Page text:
REGINA -- A Regina man recovering from COVID-19 is sharing his battle with the illness, in the hopes of encouraging others to wear a mask and listen to the advice of the Saskatchewan Health Authority (SHA).

Jony Rahaman said he believes he came in contact with someone who had COVID-19 on October 6. He was contacted about the positive case later that week, got tested, and found out he was positive the following Tuesday.

“The first day, I was feeling okay, just like nothing had happened to me. I took it easy, but after three days, my cough got worse,” said Rahaman. “Then, I was running out of breath. One day, I had to call 911 two times.”

After his positive test result, Rahaman isolated himself in his room, to protect his wife and children from being exposed.

“Babies were crying. My wife was crying. I was crying, but we [couldn’t] see each other. I didn’t want to see them for their safety,” Rahaman said.

However, Rahaman’s wife and three-year-old daughter later tested positive for the virus. The family is currently waiting on the test results for their one-and-a-half-year-old son. Rahaman said his wife and children are experiencing “light” symptoms.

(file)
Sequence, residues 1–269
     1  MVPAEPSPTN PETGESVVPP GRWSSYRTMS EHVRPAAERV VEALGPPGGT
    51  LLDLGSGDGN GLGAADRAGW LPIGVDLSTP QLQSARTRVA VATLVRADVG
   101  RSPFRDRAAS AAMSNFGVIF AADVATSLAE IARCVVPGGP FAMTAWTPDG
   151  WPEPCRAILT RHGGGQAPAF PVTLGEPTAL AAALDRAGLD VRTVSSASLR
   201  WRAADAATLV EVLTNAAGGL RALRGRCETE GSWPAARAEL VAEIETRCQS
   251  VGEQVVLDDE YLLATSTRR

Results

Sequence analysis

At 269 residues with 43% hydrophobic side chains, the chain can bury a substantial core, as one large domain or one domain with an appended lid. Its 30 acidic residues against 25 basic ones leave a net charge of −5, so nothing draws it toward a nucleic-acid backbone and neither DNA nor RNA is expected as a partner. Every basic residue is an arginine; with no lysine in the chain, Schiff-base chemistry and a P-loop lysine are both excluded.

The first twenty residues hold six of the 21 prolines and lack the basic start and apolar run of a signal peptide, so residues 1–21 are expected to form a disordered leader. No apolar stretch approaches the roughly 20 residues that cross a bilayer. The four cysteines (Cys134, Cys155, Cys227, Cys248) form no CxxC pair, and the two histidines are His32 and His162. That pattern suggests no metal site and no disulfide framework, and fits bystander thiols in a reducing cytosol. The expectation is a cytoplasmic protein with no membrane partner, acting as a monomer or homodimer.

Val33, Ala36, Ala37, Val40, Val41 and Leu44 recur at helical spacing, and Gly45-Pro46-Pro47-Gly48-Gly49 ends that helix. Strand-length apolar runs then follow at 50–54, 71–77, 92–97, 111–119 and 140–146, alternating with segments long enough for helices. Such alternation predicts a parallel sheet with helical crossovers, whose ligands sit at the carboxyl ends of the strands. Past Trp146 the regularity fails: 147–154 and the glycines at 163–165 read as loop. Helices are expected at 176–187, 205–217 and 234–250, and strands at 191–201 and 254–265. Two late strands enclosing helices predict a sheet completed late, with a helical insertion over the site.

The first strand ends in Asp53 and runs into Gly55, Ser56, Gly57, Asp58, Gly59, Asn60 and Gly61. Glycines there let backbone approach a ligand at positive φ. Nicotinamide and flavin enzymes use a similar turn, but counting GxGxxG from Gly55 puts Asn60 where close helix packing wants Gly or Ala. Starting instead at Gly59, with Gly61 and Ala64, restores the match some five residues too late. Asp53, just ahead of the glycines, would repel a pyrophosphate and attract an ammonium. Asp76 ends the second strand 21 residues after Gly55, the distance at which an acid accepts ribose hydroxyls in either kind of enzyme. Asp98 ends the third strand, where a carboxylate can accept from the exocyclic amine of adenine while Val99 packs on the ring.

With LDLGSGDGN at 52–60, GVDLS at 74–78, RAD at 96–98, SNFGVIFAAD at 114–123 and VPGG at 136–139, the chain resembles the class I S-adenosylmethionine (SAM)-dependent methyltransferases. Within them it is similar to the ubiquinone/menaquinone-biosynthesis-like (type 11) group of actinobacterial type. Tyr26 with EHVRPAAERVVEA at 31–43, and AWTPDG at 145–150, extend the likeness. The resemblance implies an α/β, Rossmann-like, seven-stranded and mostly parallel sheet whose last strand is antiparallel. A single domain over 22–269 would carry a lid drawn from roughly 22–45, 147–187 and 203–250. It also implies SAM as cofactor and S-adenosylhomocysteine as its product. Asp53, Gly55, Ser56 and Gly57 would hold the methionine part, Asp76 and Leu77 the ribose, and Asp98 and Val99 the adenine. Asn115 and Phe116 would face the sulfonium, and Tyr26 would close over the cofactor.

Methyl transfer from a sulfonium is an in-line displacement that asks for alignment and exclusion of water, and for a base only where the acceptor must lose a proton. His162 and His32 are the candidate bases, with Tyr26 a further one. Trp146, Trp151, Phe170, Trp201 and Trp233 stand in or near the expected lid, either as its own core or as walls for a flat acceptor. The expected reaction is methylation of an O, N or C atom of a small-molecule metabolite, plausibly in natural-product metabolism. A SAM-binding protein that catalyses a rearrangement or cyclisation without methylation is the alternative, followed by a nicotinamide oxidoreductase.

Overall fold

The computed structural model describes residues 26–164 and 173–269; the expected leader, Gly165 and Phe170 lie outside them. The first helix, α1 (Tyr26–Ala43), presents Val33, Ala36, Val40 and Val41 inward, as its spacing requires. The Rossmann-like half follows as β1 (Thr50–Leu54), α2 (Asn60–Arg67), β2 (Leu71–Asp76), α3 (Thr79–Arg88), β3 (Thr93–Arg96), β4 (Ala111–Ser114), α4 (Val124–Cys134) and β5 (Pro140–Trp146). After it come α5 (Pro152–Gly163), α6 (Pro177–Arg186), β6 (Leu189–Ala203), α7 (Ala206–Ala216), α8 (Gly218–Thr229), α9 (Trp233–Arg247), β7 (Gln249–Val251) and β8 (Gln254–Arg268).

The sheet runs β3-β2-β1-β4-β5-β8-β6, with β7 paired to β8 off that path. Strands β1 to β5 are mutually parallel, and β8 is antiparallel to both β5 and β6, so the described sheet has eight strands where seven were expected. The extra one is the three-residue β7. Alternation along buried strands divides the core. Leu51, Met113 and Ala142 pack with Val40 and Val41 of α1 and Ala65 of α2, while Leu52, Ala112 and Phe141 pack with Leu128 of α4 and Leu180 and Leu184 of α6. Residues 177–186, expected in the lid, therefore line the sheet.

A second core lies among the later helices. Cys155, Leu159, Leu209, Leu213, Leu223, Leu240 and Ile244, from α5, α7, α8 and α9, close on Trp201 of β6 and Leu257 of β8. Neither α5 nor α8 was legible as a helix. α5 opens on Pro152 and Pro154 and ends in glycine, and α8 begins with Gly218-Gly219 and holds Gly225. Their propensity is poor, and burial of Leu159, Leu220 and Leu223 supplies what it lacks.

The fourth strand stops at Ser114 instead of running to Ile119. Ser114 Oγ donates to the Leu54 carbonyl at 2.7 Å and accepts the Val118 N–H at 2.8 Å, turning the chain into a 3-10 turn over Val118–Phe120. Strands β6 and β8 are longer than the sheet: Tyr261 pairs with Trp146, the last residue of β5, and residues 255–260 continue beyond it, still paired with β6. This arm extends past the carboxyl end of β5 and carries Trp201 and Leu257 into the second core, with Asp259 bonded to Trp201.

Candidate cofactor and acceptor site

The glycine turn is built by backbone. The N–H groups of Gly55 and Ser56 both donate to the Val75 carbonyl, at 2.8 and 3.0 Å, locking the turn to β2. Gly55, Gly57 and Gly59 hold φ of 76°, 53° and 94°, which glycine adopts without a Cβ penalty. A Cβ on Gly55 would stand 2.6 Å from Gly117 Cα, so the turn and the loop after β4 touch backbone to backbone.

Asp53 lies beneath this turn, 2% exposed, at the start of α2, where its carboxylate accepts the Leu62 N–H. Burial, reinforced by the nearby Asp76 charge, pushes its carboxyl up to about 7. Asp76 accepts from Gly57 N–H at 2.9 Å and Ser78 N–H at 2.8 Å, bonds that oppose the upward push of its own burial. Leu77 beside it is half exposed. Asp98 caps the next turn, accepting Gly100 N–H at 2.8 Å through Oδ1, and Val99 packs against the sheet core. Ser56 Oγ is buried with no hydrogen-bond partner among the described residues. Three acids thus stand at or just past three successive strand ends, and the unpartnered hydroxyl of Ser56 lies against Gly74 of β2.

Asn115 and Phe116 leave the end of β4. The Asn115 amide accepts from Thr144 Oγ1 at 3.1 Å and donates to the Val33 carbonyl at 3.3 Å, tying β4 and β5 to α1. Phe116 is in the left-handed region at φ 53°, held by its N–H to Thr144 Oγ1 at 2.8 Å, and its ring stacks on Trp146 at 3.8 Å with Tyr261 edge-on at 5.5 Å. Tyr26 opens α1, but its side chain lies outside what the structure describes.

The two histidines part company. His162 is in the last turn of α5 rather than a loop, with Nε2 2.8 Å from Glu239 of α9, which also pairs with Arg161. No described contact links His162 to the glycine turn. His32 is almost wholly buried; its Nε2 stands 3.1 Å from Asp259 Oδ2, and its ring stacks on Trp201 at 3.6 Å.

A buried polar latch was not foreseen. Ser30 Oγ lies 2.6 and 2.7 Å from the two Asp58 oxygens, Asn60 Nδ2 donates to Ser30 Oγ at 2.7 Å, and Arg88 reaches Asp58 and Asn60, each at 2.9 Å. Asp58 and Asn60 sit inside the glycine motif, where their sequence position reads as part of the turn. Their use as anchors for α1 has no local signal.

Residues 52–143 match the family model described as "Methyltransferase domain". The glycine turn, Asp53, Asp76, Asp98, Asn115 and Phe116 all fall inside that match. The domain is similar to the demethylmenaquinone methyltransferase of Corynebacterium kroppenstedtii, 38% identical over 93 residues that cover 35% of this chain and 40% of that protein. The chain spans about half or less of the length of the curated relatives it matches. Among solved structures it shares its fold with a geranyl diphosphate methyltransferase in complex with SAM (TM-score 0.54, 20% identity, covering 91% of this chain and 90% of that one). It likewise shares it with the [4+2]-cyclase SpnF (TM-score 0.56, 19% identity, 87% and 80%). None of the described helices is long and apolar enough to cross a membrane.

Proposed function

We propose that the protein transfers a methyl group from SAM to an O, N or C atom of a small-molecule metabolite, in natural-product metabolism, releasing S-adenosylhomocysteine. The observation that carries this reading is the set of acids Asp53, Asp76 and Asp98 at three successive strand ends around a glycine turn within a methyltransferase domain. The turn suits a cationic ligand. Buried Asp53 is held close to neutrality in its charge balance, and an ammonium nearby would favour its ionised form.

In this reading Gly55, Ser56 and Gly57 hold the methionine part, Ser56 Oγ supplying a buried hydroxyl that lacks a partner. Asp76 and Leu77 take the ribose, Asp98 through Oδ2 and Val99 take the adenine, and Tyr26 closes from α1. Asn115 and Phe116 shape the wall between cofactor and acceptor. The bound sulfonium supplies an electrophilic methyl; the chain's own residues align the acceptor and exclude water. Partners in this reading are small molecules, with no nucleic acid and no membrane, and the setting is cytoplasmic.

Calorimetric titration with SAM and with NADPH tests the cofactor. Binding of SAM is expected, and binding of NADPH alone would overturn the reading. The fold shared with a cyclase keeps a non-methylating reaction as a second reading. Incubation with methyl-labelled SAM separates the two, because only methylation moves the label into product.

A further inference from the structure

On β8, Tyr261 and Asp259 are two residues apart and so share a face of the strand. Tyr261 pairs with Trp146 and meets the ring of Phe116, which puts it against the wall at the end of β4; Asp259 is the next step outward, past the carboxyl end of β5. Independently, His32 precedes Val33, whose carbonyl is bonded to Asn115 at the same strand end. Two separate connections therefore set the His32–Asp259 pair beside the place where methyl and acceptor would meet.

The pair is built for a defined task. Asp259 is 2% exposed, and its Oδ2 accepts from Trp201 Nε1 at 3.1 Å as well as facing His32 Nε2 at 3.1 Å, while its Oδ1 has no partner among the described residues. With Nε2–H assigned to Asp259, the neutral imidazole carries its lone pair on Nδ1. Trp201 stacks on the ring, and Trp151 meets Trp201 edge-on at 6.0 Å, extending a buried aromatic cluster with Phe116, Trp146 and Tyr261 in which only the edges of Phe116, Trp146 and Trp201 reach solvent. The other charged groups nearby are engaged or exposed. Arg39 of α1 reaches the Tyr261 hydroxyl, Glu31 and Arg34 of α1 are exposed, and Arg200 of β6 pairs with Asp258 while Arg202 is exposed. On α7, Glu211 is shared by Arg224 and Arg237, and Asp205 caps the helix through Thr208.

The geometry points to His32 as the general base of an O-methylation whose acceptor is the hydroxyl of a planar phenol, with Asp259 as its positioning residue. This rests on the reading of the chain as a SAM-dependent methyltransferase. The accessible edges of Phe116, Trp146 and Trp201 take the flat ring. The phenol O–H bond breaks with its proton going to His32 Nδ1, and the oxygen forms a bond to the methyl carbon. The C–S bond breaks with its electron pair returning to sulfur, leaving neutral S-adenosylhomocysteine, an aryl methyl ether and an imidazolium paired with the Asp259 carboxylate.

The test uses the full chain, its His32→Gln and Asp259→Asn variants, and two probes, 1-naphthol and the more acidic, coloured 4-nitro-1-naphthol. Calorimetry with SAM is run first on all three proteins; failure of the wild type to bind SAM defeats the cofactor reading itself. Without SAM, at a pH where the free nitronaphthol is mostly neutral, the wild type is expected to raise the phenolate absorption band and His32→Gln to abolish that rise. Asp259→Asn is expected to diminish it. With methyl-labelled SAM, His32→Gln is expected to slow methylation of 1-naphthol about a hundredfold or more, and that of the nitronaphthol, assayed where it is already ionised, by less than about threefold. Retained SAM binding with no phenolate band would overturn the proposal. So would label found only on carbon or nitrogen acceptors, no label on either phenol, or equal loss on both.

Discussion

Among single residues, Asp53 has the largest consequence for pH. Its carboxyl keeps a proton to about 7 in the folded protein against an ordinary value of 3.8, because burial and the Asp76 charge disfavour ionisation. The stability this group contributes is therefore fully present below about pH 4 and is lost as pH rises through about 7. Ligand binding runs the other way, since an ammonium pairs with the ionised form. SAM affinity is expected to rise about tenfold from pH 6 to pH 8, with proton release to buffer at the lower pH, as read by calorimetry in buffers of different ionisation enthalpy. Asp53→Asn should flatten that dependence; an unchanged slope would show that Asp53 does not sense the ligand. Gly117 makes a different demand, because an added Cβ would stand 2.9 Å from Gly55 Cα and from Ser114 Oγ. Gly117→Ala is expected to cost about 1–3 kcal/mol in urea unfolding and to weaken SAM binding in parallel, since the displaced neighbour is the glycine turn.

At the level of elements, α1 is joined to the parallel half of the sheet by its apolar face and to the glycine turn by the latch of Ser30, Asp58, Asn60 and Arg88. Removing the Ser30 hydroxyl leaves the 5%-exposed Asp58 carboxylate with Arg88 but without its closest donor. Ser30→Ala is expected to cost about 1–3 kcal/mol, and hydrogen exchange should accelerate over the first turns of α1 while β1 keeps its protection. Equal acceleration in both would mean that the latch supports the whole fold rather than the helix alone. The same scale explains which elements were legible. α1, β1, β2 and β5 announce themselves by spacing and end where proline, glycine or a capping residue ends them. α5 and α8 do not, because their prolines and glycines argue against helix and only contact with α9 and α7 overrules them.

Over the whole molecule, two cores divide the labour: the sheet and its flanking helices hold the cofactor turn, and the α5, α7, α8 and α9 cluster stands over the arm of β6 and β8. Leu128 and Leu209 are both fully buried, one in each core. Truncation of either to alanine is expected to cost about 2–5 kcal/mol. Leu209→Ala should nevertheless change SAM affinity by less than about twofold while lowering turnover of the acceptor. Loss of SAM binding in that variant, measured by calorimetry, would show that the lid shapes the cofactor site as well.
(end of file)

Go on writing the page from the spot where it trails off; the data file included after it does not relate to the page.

“I have so many good friends. They bring food and leave it on my doorstep. We are lucky that we don’t have to think of food and groceries and other supplies and even medication,” Rahaman said.

Rahaman said he is grateful for both his doctor and the on-call staff at the SHA, as they have been available for support over the phone whenever he has needed it.

“They want people out there to be safe. So, I would say to everyone, please listen to them. And wear a mask,” Rahaman said. “The day I got infected, I was wearing a mask. But I put it down. I don't know why I did it. And I'm paying for it. At one point, I was feeling like my life is over.”

In 2017, Rahaman suffered a spinal cord injury, so he is on several medications. He said he also has high blood pressure and is overweight.

“I didn’t think I would survive,” Rahaman said. “I’m from Bangladesh. I’ve lost family members because of COVID. I know how it feels like.”

Rahaman said he is thankful to live in Canada, where treatment is available to those infected with the virus. He decided to share his story so he could thank the SHA staff that helped him, and remind the public of the severity of COVID-19.

“Wash your hands and never think, ‘Oh, I’ll just let it go for this time.’ A one-time mistake could be life threatening. That’s what happened (to me),” he said. “Listen to what the health authority tells you... these people don’t even know us, but they want us to be safe.”